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The Last to Disappear: Immersive Lapland mystery zips along like breathless husky ride


Setting a high bar: Jo Spain, author of The Last to Disappear

Setting a high bar: Jo Spain, author of The Last to Disappear

The Last to Disappear by Jo Spain

The Last to Disappear by Jo Spain


Setting a high bar: Jo Spain, author of The Last to Disappear

There was a footballer back in the day — was it Ian Rush? — about whom the saying went: “Like the Royal Mail, he always delivers.” No matter the circumstances, this guy could be relied on, every time, to get the job done.

In terms of crime-writing, Jo Spain is the Irish equivalent; like An Post, she always delivers. Alongside Jane Casey, she’s the guaranteed gold-standard of domestic thrillers, albeit the two women come at it from slightly different angles.

Casey’s books are more serious in tone, even sombre at times, and mostly part of a series. Spain began with a series that now alternates with standalone novels that are fast-moving, cleverly and slyly plotted — and, most of all, hugely entertaining.

You open a Jo Spain novel and know from the start: this will be great fun.

Last year’s The Perfect Lie the Dubliner moved her fictional setting outside Ireland for (as far as I can tell) the first time. Set in America, it retained an Irish connection in the form of heroine Erin.

In her latest mystery, The Last to Disappear, Spain severs the national umbilical cord almost fully: it takes place in Finland, the central character is English and the only Hibernian connection is a supporting player.

Alex is a thirtysomething from Yorkshire, working for a London lobbying firm and slowly losing his soul and marbles. Younger sister Vicky is something of a free spirit, making her way around the world in casual jobs, forever scrounging money and making Alex feel uncool or inadequate in some way.

Eventually, fed up of her capricious behaviour, he decides not to give Vicky his new phone number. So when her body is pulled from a lake in Lapland, shock and grief are compounded by guilt.

Alex travels to Koppe, a small tourist town way up in the frozen north to identify the body and bring Vicky home. Then he finds out, through local police chief, Agatha, that foul play is strongly suspected, and things get complicated.

Vicky had gone missing six weeks previously. Colleagues at the ski lodge that employed her — including Niamh, the Irish interest — had assumed that this flibbertigibbet just upped and left without saying goodbye.

Coroner examinations suggest a blow to the head before she drowned; not an accident. Alex, driven by a broiling mix of emotions — some subconscious, some not — feels compelled to stay in Finland and get some kind of payback for his murdered sister.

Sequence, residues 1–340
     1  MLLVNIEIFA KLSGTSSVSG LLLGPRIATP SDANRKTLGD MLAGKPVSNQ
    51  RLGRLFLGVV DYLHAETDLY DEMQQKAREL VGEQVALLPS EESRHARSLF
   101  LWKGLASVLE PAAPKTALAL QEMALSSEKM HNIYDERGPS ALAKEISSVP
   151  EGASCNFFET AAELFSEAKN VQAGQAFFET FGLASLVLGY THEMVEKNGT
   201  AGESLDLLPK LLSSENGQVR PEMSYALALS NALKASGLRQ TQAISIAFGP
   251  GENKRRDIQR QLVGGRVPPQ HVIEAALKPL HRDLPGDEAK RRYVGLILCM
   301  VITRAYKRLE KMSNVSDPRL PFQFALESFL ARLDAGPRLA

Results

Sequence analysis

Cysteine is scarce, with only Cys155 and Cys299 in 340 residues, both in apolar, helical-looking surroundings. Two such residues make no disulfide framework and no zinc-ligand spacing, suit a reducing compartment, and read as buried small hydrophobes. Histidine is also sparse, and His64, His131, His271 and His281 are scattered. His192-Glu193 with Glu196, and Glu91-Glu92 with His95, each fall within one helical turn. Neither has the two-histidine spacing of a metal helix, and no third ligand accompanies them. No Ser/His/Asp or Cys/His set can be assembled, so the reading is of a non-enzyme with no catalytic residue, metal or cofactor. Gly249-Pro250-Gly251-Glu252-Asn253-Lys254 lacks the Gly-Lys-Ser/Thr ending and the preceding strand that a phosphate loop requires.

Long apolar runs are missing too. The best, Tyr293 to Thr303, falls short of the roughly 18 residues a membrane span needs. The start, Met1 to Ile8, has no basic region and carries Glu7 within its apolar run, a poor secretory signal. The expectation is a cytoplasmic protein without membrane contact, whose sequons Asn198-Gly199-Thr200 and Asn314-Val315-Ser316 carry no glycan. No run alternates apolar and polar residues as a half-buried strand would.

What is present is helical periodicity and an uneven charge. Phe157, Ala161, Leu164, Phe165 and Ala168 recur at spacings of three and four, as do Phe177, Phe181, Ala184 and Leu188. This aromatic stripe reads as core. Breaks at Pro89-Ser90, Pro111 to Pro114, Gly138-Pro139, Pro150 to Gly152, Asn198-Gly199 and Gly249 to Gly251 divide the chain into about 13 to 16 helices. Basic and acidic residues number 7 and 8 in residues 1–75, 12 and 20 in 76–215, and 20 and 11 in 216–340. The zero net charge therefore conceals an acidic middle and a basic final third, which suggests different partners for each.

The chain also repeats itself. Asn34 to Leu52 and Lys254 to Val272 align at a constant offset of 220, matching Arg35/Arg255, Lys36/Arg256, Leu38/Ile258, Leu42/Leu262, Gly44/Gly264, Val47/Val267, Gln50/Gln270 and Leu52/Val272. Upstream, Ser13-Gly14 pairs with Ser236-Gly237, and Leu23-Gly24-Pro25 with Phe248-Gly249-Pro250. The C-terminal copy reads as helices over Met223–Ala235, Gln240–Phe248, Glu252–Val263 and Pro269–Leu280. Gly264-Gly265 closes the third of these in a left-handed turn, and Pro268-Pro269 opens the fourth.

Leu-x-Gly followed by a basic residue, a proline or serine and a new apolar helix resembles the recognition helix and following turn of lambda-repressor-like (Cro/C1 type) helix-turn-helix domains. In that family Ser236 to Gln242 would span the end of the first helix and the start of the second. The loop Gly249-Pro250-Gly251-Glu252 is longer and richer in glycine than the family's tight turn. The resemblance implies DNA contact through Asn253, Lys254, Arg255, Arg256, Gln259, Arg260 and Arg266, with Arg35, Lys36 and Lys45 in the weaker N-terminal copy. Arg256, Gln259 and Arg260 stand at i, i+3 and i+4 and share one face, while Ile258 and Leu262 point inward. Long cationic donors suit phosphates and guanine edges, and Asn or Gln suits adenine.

Spain adroitly assembles a line-up of possible suspects: the hulking reindeer farmer rumoured to have murdered his wife in the 1990s (this story slowly plays out in flashbacks); the sleazy owner of the lodge, grabby with the female staff and always on the make; the American tourist seen leaving a bar with Vicky on what might have been her last night.

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Alex blunders around, asking the wrong questions and sometimes the right ones, getting in the way and annoying Agatha — though a certain kinship is struck between the two, almost without either noticing that it’s happening.

Spain also stirs into the mix a number of subplots, some of which may be connected to Vicky’s killing. A troubling secret from Alex’s past; someone called Luca who seems to be a dark terror in the minds of Agatha and her three children; two other instances of women who went missing in the area over the last two decades. Does Koppe have a serial killer?

It’s tremendous fun, zipping along with the breathless excitement of a husky ride and as sure-footed as a veteran skater floating across the ice. But not only fun: Spain creates sympathetic and plausible characters, people you believe in and root for; and she draws a vivid, immersive picture of Nordic life and death.

As more than one person points out more than once to Alex: places like Koppe may look chocolate-box pretty when you’re just visiting for a week. Life is tougher there than outsiders think, though, with long months of total darkness, weather so cold that you have to wrap up like you’re preparing to voyage into deep space, enormous areas of forest and lake where hardly anyone lives and it’s easy to fall down a snow-covered slope or freeze in a blizzard.

Nature here is red in tooth and claw. There may, as per crime writer Lawrence Block, be eight million ways to die in the naked city; inside the Arctic Circle, those ways can feel virtually infinite.

The Last to Disappear is possibly Spain’s best mystery yet, which given the high bar she’s set, is a hell of a compliment. Her work is like a cold can of Coke and instant-classic pop song — or, yes, the Royal Mail: they always deliver.

Thriller: The Last to Disappear by Jo Spain
Quercus, 390 pages, trade paperback €18; e-book £7.99


The Last to Disappear by Jo Spain

The Last to Disappear by Jo Spain

The Last to Disappear by Jo Spain

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